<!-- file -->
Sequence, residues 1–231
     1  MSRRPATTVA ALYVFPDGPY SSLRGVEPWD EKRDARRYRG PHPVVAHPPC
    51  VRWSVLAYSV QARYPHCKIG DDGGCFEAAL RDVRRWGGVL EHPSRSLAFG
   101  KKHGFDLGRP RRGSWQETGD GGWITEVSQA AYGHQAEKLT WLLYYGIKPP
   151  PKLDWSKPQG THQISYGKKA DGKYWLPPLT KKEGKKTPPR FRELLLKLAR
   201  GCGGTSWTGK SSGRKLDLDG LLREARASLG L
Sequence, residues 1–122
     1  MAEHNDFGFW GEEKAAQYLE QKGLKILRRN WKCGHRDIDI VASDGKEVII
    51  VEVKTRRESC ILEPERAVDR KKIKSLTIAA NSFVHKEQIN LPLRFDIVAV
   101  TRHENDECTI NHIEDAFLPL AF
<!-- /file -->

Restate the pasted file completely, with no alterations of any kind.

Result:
Sequence, residues 1–231
     1  MSRRPATTVA ALYVFPDGPY SSLRGVEPWD EKRDARRYRG PHPVVAHPPC
    51  VRWSVLAYSV QARYPHCKIG DDGGCFEAAL RDVRRWGGVL EHPSRSLAFG
   101  KKHGFDLGRP RRGSWQETGD GGWITEVSQA AYGHQAEKLT WLLYYGIKPP
   151  PKLDWSKPQG THQISYGKKA DGKYWLPPLT KKEGKKTPPR FRELLLKLAR
   201  GCGGTSWTGK SSGRKLDLDG LLREARASLG L
Sequence, residues 1–122
     1  MAEHNDFGFW GEEKAAQYLE QKGLKILRRN WKCGHRDIDI VASDGKEVII
    51  VEVKTRRESC ILEPERAVDR KKIKSLTIAA NSFVHKEQIN LPLRFDIVAV
   101  TRHENDECTI NHIEDAFLPL AF